Smoke from Cal­i­for­nia fires spreads to New York

The Fresno Bee (Sunday) - - Wildf Ires - BY MICHAEL MCGOUGH mm­c­[email protected]

Satel­lite images and fore­casts from the Na­tional Weather Ser­vice show that smoke from North­ern Cal­i­for­nia’s mas­sive, rag­ing wild­fires is car­ry­ing as far east as New York City.

The smoke layer reach­ing the East Coast is about a mile high, the NWS says. At that height, it does not pose sig­nif­i­cant health risks to peo­ple in the area, ac­cord­ing to a re­cent Ge­or­gia Tech study cited by NASA.

In fact, at that al­ti­tude, New York­ers can likely nei­ther see nor smell the smoke. But it’s ei­ther there or will be soon, fore­cast mod­els show.

The Carr and Men­do­cino Com­plex fires that have raged in North­ern Cal­i­for­nia — the for­mer hav­ing killed at least eight peo­ple, and the lat­ter hav­ing sur­passed 300,000 acres and be­com­ing the largest in state his­tory — are both still burn­ing, nei­ther fully con­tained. Other ma­jor fires, such as the Fer­gu­son Fire burn­ing near Yosemite, have also wreaked havoc.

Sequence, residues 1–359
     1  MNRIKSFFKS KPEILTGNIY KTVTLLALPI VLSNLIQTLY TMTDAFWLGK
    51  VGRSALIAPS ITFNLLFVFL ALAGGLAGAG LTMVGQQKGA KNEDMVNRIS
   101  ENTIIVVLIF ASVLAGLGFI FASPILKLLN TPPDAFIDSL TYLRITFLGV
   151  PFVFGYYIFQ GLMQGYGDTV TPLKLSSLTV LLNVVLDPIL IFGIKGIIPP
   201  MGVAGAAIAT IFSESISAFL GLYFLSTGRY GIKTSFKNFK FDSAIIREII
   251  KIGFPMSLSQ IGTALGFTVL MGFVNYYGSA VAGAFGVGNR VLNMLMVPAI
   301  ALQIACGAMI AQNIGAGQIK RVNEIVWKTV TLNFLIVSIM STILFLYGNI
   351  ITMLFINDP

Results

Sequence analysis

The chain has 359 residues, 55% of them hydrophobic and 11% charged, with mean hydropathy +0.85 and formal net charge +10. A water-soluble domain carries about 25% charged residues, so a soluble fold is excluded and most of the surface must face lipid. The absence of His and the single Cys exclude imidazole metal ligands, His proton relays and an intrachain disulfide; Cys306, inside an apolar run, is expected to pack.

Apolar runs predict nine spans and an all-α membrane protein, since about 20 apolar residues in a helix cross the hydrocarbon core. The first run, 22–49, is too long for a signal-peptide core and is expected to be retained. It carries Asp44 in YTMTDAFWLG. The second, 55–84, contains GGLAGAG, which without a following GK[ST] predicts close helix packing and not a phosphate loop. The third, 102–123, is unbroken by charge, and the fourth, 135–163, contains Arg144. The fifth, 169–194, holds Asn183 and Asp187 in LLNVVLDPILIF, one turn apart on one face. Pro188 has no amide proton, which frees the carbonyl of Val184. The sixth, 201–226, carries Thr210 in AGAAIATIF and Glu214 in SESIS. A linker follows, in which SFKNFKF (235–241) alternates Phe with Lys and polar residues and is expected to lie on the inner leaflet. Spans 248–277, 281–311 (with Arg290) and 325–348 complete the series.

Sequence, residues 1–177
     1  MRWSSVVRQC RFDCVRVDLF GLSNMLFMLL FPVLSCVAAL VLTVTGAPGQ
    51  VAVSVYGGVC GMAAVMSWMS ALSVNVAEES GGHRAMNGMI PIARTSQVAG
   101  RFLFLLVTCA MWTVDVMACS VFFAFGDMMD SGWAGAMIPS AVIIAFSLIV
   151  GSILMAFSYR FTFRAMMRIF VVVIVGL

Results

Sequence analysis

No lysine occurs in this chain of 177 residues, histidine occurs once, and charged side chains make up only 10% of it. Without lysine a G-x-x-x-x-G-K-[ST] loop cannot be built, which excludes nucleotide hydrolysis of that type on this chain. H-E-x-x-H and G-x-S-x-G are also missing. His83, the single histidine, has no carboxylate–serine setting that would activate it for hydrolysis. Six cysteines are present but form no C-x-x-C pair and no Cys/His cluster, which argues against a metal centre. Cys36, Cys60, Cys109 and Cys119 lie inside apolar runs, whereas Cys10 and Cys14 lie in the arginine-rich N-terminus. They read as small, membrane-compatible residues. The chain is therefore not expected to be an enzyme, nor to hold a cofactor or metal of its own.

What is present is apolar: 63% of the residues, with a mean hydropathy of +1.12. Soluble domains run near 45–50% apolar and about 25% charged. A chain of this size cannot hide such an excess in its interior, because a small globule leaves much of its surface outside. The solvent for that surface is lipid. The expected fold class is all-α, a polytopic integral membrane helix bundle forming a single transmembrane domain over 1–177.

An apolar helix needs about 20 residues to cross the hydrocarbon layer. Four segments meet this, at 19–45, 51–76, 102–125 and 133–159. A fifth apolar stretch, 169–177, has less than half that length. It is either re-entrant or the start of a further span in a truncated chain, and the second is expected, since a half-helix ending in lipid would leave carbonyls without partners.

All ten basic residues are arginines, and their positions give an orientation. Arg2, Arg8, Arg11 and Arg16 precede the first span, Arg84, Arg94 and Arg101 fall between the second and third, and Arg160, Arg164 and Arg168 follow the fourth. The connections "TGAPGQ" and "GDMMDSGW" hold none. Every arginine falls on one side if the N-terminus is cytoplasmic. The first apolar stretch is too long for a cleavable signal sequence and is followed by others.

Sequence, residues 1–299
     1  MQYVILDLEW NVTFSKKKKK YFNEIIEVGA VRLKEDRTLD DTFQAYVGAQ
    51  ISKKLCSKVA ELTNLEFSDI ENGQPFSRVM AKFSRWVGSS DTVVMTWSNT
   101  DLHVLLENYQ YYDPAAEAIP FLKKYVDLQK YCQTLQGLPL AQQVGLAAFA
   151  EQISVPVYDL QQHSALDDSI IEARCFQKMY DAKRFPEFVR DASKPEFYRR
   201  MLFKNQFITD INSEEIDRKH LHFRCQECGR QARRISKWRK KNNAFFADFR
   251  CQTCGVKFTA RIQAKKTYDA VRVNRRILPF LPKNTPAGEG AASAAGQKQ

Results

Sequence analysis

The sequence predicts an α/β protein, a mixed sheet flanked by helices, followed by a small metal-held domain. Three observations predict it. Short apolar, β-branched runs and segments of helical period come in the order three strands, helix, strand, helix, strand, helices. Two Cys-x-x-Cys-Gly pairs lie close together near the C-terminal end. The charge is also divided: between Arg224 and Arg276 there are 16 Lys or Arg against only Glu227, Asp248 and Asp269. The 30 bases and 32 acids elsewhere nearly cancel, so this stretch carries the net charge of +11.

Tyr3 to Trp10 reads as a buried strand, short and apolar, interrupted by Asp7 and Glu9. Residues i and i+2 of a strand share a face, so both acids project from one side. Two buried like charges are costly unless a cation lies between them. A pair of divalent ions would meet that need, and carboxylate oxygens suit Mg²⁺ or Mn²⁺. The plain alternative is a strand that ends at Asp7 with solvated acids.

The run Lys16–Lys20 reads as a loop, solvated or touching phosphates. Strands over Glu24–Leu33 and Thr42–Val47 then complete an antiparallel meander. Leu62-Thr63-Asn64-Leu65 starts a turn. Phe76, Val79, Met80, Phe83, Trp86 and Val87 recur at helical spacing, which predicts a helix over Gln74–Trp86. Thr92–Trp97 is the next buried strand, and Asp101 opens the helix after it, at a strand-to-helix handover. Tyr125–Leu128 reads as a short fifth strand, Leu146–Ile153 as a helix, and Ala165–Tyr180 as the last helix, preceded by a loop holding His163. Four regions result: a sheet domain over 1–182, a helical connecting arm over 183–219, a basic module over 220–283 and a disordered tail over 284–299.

Air qual­ity has been an is­sue in Sacra­mento for sev­eral days but with con­di­tions ex­pected to im­prove over the week­end, the smoke has to go some­where. As CNN ex­plains, smoke from wild­fires is car­ried ver­ti­cally by winds. Once there, the jet stream car­ries it east­ward, dip­ping slightly to the south through parts of the Mid­west be­fore head­ing back up to­ward New Eng­land.

There have been re­ports of heavy smoke and hazy con­di­tions in places as far east as Min­nesota.

Smoke reach­ing 3,000 miles to the other side of the coun­try may sound crazy, but it’s not un­heard of in re­cent times. Last fall, wild­fire smoke from the Pa­cific North­west car­ried across the coun­try; NASA re­ported that the jet stream also helped drag that smoke.

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